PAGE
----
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Want Loyalty? Respond faster!

By Steve Scheidecker -- Get free updates of new posts here

The other night while working late every single one of my Pandora stations had hit a funk.  For serious work I need two things — coffee and tunes.  I had the coffee, I didn’t have the tunes.  In order to get back into my zone I decided to visit Napster.com and use my Napster subscription.  On arriving to Napster.com I was greeted with a white page and a beautiful error message, far from the fix I was looking for.  Every hour I would check to see if things were back up and running.  After 4 hours of down-time, I decided to send an email to Napster customer service in case the outage hadn’t been reported.  This was Wednesday evening.  On Thursday afternoon while I had yet to receive a response from Napster, an email from Netflix arrived in my inbox.  Netflix sent an email apologizing for a service interruption and provided a link that could be clicked to receive 2% off my bill.  I had never reported any problems to Netflix, yet here was an email telling me about a problem I MAY have had along with a link for instant resolution.

This situation highlights the difference between a company seeking to be proactive and one that is simply reactive.  (well, they have not even reacted yet…) Most companies operate like Napster, failing to act until a customer reports a problem.  I reported the problem to Napster, but even my quick email was a waste of my time for a $9/month subscription.  There are probably thousands of people that experienced the same problem with Napster that evening but never reported it.  I’m confident that Napster knows they experienced service problems, the outage was far too prolonged to have gone un-noticed.  Yet Napster fails to send any acknowledgment of a problem to their users.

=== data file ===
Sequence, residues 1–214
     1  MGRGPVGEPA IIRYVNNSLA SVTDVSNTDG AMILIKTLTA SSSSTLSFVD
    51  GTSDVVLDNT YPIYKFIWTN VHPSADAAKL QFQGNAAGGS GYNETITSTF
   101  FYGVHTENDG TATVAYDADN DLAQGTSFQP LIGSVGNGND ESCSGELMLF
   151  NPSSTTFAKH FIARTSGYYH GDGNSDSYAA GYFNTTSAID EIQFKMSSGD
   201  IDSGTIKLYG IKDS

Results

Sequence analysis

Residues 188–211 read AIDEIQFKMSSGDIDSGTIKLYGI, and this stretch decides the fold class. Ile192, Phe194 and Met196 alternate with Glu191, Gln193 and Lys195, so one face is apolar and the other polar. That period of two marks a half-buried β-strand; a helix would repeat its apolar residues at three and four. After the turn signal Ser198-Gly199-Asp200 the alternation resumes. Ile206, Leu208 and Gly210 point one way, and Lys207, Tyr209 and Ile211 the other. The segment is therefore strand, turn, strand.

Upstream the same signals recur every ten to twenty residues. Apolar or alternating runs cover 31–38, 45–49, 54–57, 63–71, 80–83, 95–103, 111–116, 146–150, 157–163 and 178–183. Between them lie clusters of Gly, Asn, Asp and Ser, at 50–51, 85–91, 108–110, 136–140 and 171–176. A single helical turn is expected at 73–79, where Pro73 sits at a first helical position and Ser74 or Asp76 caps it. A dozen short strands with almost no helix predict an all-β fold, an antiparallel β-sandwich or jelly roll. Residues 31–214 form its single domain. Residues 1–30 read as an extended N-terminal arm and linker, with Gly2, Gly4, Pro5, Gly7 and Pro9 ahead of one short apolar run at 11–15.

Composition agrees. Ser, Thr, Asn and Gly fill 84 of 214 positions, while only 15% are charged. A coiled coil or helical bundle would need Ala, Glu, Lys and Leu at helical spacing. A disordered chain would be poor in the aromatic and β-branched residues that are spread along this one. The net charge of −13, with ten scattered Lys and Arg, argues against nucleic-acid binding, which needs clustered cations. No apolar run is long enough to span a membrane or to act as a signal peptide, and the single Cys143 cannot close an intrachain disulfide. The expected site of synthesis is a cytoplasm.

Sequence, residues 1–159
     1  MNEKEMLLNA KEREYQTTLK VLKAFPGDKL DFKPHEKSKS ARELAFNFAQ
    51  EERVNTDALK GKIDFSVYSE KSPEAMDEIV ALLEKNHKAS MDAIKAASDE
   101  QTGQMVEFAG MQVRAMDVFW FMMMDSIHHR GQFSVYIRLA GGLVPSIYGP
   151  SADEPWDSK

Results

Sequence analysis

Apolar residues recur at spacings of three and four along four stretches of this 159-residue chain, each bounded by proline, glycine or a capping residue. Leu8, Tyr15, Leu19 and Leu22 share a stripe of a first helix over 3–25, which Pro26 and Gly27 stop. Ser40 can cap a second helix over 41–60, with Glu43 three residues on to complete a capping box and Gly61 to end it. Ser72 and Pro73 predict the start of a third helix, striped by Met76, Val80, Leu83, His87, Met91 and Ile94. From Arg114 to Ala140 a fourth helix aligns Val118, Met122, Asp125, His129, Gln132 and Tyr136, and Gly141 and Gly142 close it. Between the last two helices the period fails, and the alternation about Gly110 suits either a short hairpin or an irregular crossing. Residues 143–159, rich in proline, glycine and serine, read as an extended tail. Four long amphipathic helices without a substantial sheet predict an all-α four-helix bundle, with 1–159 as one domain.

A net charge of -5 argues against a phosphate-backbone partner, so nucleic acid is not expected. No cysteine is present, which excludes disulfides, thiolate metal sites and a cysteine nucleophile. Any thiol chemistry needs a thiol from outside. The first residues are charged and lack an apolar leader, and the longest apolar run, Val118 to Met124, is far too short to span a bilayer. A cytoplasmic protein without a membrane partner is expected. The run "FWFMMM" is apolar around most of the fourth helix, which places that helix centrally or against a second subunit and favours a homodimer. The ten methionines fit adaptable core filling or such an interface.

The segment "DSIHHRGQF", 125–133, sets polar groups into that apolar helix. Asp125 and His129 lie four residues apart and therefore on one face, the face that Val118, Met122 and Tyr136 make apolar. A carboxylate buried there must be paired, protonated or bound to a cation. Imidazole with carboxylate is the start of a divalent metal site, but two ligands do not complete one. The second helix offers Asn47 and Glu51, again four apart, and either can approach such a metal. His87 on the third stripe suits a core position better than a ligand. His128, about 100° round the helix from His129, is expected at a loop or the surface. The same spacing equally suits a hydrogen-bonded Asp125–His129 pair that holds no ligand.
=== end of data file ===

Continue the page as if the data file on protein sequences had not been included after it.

Netflix’s approach is brilliant.  Even though Netflix probably knew there was a good chance I did not experience any problems, they used a small discount to hedge against the outside possibility.  The discount would have amounted to less than $1, but this is really about more than just a discount.  As a customer this activity goes far beyond the monetary offering and shows the transparency at Netflix.   They are not afraid to admit when there may be a problem — even before it may be noticed.

As a company this shows the goodwill AND monetary benefits that can be derived from fast customer service response.  The faster you respond the more positively a customer will react to a problem and the less monetary compensation they require to remain happy.  Netflix’s proactive response with a 2% discount goes further in retaining my business than if Napster was to send me an email tomorrow offering a 100% discount.  Anything that you can do to improve the speed of responses to your customers will have positive ramifications.  This is not medium specific, faster responses are better everywhere.  Customers will be happier with a faster response no matter if they are posting on Facebook, Tweeting, holding on the phone, sending email, leaving voicemail or posting on help forums.  Strive to respond to situations before the customer even recognizes they exist while reacting quickly to everything that is reported.

The Napster Error Screen

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